Technology and Data in Mental Health: Applications for Suicide Prevention

Guest post by Elizabeth Chen, PhD, Associate Director of the Center for Biomedical Informatics, Associate Professor of Medical Science, and Associate Professor of Health Services, Policy & Practice at Brown University.

Biomedical informatics as a discipline is broadly concerned with the effective use of data, information, and knowledge to improve human health. Since its origins in the 1950s, we have watched this discipline evolve with advances in health information and communications technology as well as the explosion of electronic health data. During this time, we have also seen the emergence of sub-disciplines reflecting areas of specialization. In fact, a 2015 study uncovered almost 300 different “types” of informatics! Among these was mental health informatics, which first appeared in the title of a 1995 article indexed in PubMed.

Using technology to understand and support mental health dates to the 1950s when specialized television broadcasts delivered mental health training. In the 1960s, computers analyzed data for psychological diagnoses and housed “artificial intelligence” systems that simulated communication with a psychotherapist. More recently, with the rapid adoption of electronic health record (EHR) systems that can collect longitudinal patient information such as diagnoses and medications, we are observing the increased use of EHR technology and data for improving health care, including mental health care.

Mental health remains a global crisis. In the United States alone, mental health conditions affect 1 in 5 adults and children. These conditions are among the factors that contribute to making suicide the 10th leading cause of death overall and 2nd leading cause among 10- to 34-year-olds nationally. With suicide rates having increased by nearly 30% since 1999,  the National Strategy for Suicide Prevention calls for a comprehensive and coordinated approach that includes data-driven strategic planning and evidence-based programs.

There are numerous and wide-ranging applications of mental health informatics and EHRs contributing to these efforts, including the following:

  • Two independent datasets, one including EHR and biobank data from the Vanderbilt University Medical Center, have characterized the role of common genetic variants among those who have attempted suicide. These large-scale genetic analyses support a heritable component to suicide attempts and an incomplete genetic relationship with psychiatric and sleep disorders.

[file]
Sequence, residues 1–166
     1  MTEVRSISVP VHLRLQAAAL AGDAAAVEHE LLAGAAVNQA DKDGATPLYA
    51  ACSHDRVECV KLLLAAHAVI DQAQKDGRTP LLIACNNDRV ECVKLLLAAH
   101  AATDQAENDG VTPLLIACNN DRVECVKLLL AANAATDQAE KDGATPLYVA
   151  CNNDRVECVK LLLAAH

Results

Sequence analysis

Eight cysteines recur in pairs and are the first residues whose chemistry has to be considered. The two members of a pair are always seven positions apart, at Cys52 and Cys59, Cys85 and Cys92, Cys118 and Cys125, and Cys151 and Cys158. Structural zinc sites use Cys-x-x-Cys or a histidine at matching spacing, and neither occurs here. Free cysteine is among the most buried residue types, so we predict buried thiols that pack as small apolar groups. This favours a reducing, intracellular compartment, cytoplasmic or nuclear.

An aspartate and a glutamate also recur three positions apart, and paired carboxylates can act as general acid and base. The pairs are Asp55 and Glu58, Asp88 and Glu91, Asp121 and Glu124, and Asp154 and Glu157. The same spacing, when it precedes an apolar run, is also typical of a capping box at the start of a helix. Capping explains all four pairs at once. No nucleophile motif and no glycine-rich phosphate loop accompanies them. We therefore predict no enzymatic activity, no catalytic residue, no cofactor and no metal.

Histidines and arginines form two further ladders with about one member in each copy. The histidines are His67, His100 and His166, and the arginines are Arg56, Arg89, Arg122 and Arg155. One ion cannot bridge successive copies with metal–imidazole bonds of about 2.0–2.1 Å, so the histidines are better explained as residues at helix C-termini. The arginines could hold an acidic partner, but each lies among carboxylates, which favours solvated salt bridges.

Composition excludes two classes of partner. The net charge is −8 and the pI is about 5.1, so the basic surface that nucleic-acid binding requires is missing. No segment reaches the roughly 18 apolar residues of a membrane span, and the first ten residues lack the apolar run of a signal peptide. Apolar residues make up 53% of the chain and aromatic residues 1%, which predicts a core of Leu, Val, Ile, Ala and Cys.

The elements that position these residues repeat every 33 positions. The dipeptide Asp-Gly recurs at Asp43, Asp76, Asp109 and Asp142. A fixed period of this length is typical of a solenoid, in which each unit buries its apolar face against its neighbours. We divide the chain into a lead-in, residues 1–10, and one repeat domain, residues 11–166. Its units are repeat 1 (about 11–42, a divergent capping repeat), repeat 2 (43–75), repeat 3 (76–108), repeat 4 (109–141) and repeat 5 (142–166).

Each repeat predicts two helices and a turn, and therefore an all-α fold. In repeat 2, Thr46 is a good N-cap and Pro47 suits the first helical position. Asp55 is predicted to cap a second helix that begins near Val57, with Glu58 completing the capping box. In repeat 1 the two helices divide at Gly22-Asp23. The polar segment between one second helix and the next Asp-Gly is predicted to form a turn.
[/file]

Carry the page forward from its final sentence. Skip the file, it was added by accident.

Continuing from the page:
• At the Parkland Health & Hospital System in Texas, a Universal Suicide Screening Program, initiated in 2012, led to implementing the Columbia-Suicide Severity Rating Scale in the EHR system for adults. The integration of this clinical decision support tool into the clinical workflow demonstrates how technology may be used to improve suicide risk recognition.
  • Researchers across the country are developing models for predicting patients’ future risk of suicidal behavior using “machine learning” techniques, state death certificates, and longitudinal EHR data from a range of health systems, including Partners Healthcare in Massachusetts [PubMed], HealthPartners in Minnesota, Henry Ford Health System in Michigan, and five different Kaiser Permanente locations [PubMed]. Implementing these predictive models as clinical decision support tools in EHR systems has the potential to improve screening, detection, and treatment of suicide risk.
  • In Connecticut, EHR data from the statewide health information exchange and five clinical partners are being used to identify patients at risk of suicide. Claims data from the All-Payer Claims Database and mortality data from the State Department of Public Health will be used to assess the outcomes and impact of the quality improvement efforts.

And these are just a few examples.

Technology and data will continue to play important roles in advancing mental health care. We have already seen the contributions of mental health informatics over the years and those of related areas such as behavioral health informatics and computational psychiatry. There is much more to come in the development of effective and innovative solutions for improving diagnosis, treatment, and prevention of mental health conditions, including those related to suicidal thoughts and behaviors.

headshot of Dr. Elizabeth ChenElizabeth S. Chen, PhD is the founding Associate Director of the Center for Biomedical Informatics, Associate Professor of Medical Science, and Associate Professor of Health Services, Policy & Practice at Brown University. She leads the Clinical Informatics Innovation and Implementation (CI3) Laboratory that is focused on leveraging EHR technology and data to improve healthcare delivery and biomedical discovery. Dr. Chen is an elected fellow of the American College of Medical Informatics and is a member of NLM’s Biomedical Informatics, Library and Data Sciences Review Committee.